Since our Slovenia trip last year, there has been a lot of time devoted to healing. 2022 was a rough year for our knees, and we took a lot of time off from hiking (even just day hiking) to let our knees recover. For SweetPea, who apparently has knees like a 70 year old, that has meant taking time off and then slowly building back to normal hiking. For Beardoh, who had a torn meniscus, that meant having surgery and physical therapy before getting back on the trails. We have both been doing strengthening exercises for our legs to better help support our knees and also taking supplements which should help our joints. The idea that our bodies are aging and getting more fragile is a hard pill for us to swallow. We want to be able to keep hiking for decades to come, so we are trying to put in the work now to make sure that can happen.
In thinking about our plans for 2023, we consciously decided not to plan any big trips. We had thoughts of bike trips or other international hikes, but figured it would be best for us this year, to keep things simple and short.
We did have one trip scheduled for this summer that we did not want to miss. One of our oldest friends, Frank – who was SweetPea’s site mate during Peace Corps, is turning 50 this year and he wanted to do a big trip to celebrate.
The original plan was to hike the JMT, but as the massive amounts of snow accumulated in the Sierras and several key bridges got heavily damaged, we had to scrap that plan. Instead, we decided to hike the Tahoe Rim Trail…definitely a stellar back-up choice.
So, we will be hiking the TRT in August with Frank, his wife (Sonja) and their daughter (Annika). We have been looking forward to this trip, as we love spending time with these folks.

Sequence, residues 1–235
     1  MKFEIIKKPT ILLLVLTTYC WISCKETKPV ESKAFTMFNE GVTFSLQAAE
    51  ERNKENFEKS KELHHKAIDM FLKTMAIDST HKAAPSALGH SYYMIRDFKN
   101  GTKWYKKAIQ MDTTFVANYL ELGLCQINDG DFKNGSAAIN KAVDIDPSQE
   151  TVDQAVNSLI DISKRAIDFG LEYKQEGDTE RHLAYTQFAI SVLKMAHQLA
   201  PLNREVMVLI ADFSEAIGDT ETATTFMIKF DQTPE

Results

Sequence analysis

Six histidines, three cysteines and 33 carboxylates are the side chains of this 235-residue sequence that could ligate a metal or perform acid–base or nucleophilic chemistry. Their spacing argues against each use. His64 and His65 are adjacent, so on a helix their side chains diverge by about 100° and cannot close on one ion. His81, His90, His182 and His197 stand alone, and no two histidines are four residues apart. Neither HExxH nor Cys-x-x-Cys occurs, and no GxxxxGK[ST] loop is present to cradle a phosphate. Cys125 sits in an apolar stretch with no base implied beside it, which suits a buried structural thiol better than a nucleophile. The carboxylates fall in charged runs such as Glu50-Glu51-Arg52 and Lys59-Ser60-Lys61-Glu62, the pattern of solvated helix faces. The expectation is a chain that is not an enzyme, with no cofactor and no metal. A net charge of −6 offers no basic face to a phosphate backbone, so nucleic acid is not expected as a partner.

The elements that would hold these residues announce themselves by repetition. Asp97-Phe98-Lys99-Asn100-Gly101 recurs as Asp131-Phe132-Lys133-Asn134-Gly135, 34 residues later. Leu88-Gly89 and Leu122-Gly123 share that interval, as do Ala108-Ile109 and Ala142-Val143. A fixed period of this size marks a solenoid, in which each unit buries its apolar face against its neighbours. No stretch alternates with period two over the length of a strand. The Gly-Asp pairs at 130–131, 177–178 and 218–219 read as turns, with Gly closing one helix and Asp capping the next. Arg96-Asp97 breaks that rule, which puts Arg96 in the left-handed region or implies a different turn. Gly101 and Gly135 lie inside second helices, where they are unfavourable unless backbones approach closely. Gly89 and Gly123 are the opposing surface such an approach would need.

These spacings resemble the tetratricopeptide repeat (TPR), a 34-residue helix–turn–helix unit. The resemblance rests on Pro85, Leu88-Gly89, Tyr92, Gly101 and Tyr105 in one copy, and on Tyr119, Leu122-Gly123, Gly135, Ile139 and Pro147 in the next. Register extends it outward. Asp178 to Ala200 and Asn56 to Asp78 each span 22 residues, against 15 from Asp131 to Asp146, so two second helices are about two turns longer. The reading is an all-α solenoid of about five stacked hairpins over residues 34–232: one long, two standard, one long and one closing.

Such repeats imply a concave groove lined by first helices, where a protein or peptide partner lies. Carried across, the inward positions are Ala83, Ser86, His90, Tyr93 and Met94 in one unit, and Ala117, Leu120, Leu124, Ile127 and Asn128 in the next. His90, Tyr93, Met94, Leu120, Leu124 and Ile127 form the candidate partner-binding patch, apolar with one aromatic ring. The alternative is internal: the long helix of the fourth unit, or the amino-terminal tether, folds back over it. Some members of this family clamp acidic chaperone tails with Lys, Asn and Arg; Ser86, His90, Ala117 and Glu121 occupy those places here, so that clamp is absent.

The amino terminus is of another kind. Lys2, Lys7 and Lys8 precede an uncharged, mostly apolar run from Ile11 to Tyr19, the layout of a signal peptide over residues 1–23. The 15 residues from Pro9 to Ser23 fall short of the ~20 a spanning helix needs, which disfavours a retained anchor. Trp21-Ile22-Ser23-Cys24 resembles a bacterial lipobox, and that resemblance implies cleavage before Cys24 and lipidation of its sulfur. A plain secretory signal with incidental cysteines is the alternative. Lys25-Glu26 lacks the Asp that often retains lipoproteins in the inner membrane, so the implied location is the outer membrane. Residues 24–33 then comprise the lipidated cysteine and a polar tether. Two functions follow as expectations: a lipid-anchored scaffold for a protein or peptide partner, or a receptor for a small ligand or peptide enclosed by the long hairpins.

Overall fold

This trip will be our third time on the Tahoe Rim Trail, but our first going in the clock-wise direction (Sometimes a directional change can make a big difference in the feel of a trail). We will also be taking a slightly more relaxed pace, which is always nice on this trail, where there are lots of picturesque vistas to enjoy while taking a break.
We will then make our way to the mid-west for a September hike on the Superior Hiking Trail with our friends, Qball and JJ.
We had always figured that we would end up hiking the SHT at some point, since it is pretty close to where Beardoh’s mom lives. The four of us wanted to do a hike together this summer, and again our Plan A of hiking the Sierras was cancelled. We came up with some alternate options and ended up deciding on the Superior Hiking Trail…just based on length of trail and ease of logistics.
The general vibe of this summer’s plans are “simple and social”. Whenever we spend a good chunk of time with friends on hiking trips, we feel really rejuvenated. There is always a lot of laughter and good stories, and this is something we really cherish. We also want to keep the hikes fairly short this summer, as we get a sense for how our bodies will do back on the trail with full packs. As we do day hikes in preparation for the summer, we are feeling good and hope that our bodies will continue to respond well as our miles increase. We feel like these smaller trails this summer will inform us for what kinds of trips we can take on next year.
Tahoe Rim Trail Stats:
Highest Point on the Trail: 10,338 feet
Concurrent with Pacific Crest Trail for 50 miles
Superior Hiking Trail Stats:
Total of 300 Miles, but most hikers do just 260 to avoid a long walk through the city of Duluth (We’ll do the 260 Miles)
Highest Point on the Trail: 1,829 feet
The trail is marked with blue blazes
Hikers are required to stay at one of the 94 campsites along the trail.